Yosprala

Pharmacy Times, April 2017 Respiratory Health, Volume 83, Issue 4

The FDA has approved Yosprala (aspirin and omeprazole, Aralez Pharmaceuticals) delayed-release tablets for patients requiring aspirin for secondary prevention of cardiovascular and cerebrovascular events and who are at risk of developing aspirin-associated gastric ulcers.

The FDA has approved Yosprala (aspirin and omeprazole, Aralez Pharmaceuticals) delayed-release tablets for patients requiring aspirin for secondary prevention of cardiovascular and cerebrovascular events and who are at risk of developing aspirin-associated gastric ulcers. The approval carries the limitation that it should not be used as the initial dose of aspirin therapy during the onset of acute coronary syndrome, during acute myocardial infarction, or before percutaneous coronary intervention. The limitation also states that Yosprala has not been shown to reduce the risk of gastrointestinal (GI) bleeding due to aspirin and that the medication is not interchangeable with the individual components of aspirin and omeprazole.1

PHARMACOLOGY AND PHARMACOKINETICS

Aspirin is an antiplatelet agent and omeprazole is a proton pump inhibitor (PPI).1 Utilizing the Intelli-COAT system, Yosprala first delivers imme- diate-release omeprazole to raise the gastric pH to a gastroprotective zone. The next layer is a delayed-release enteric-coated aspirin core that dissolves at a gastric pH greater than or equal to 5.5.2 Omeprazole is extensively metabolized by the cytochrome (CYP) P450 enzyme system. It inhibits CYP2C19 and can increase the systemic exposure of concurrently administered CYP2C19 substrates.1

DOSAGE AND ADMINISTRATION

Yosprala is available as 81-mg delayed-release aspirin/40-mg immediate-release omeprazole and 325-mg delayed-release aspirin/40-mg immediate-release omeprazole. It should be taken daily as 1 tablet, at least 60 minutes before a meal, and swallowed whole with liquid. Never split, chew, crush, or dissolve Yosprala.1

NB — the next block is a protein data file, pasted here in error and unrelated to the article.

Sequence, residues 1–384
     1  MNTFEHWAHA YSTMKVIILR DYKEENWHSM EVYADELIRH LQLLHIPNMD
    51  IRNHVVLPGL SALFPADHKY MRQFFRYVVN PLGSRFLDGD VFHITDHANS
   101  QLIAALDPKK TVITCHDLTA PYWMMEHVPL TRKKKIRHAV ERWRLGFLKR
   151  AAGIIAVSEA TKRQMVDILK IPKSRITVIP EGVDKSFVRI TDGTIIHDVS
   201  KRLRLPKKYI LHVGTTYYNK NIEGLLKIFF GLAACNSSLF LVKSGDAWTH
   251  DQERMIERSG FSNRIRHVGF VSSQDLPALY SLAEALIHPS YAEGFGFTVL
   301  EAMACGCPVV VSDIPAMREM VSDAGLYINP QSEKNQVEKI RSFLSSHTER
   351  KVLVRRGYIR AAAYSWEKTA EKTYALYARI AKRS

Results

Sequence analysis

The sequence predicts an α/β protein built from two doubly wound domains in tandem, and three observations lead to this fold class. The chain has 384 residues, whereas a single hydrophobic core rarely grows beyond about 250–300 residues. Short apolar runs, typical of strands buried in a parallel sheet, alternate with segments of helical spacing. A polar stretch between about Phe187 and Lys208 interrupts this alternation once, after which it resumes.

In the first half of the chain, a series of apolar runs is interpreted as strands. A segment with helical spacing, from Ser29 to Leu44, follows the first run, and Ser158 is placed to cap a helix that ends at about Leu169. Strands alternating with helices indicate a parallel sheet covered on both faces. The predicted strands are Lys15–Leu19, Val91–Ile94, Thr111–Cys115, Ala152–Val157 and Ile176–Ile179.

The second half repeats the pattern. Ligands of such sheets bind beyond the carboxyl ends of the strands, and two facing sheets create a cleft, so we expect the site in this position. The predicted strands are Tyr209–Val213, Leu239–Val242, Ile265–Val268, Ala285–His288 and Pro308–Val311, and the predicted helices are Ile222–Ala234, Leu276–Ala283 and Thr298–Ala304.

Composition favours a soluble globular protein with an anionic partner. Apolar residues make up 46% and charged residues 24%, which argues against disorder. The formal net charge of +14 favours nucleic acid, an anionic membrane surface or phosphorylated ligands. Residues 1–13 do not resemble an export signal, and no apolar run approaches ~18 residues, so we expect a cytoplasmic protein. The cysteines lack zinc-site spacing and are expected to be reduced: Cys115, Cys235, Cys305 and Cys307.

CLINICAL TRIALS

Yosprala was evaluated in 2 randomized double-blind clinical trials. Patients received either Yosprala 325 mg/40 mg or enteric-coated aspirin 325 mg. In each study, patients in the Yosprala arm demonstrated a significant reduction in the 6-month cumulative incidence of gastric ulcers compared with patients taking 325 mg of enteric-coated aspirin alone. Additionally, significantly fewer patients in the Yosprala arm stopped treatment due to prespecified upper-GI adverse events compared with patients in the enteric-coated aspirin arm.1,2

CONTRAINDICATIONS, WARNINGS, AND PRECAUTIONS

Yosprala is contraindicated in patients with a history of asthma, urticaria, or other allergic-type reactions after taking aspirin or nonsteroidal anti-inflammatory drugs (NSAIDs); pediatric patients with suspected viral infections; patients with a known hypersensitivity to aspirin, omeprazole, substituted benzimidazoles, or any excipient of Yosprala; or patients receiving rilpivirine-containing products.

It should be used cautiously in patients with coagulation abnormalities and GI adverse reactions. Its use should be avoided in patients with severe renal failure or hepatic impairment. Patients consuming 3 or more alcoholic drinks per day should not use Yosprala. PPI use has been associated with acute interstitial nephritis, Clostridium difficile—associated diarrhea, bone fractures, cutaneous lupus erythematosus and systemic lupus erythematosus, hypomagnesemia, and vitamin B12 deficiency. Patients with gastric symptoms during or after treatment with Yosprala should be considered for evaluation of gastric malignancy.

Yosprala may interact with diagnostic investigations for neuroendocrine tumors and should not be used in combination with clopidogrel, St. John’s wort, rifampin, or high-dose methotrexate. The higher dose of Yosprala, 325 mg/40 mg, should not be used concurrently with ticagrelor. And because NSAIDs are associated with reversible infertility, women who have difficulties conceiving should consider discontinuation of therapy. In addition, Yosprala should not be used during pregnancy after 30 weeks of gestation, as NSAIDs may cause premature closure of the fetal ductus arteriosus, or during breastfeeding.

The most common adverse reactions (≥2% incidence) are gastritis, nausea, diarrhea, gastric polyps, and noncardiac chest pain.1

Dr Holmberg earned her PharmD from the University of Connecticut and completed an ambulatory care residency at the Phoenix VA Healthcare System. Her practice has also included pediatrics and inpatient mental health. She resides in Phoenix, Arizona.

References

1. Yosprala [prescribing information]. Princeton, NJ: Aralez Pharmaceuticals US Inc; 2017. yospralahcp.com/files/Yosprala_Prescribing_Information.pdf. Accessed March 6, 2017.

2. Aralez announces FDA approval of Yosprala for secondary prevention of cardiovascular and cerebrovascular events in patients at risk for aspirin-associated gastric ulcers [news release]. Mississauga, Ontario, Canada; Aralez Pharmaceuticals; September 15, 2016. http://ir.aralez.com/phoenix.zhtml?c=254163&p=irol-newsArticle&ID=2202150. Accessed March 6, 2017.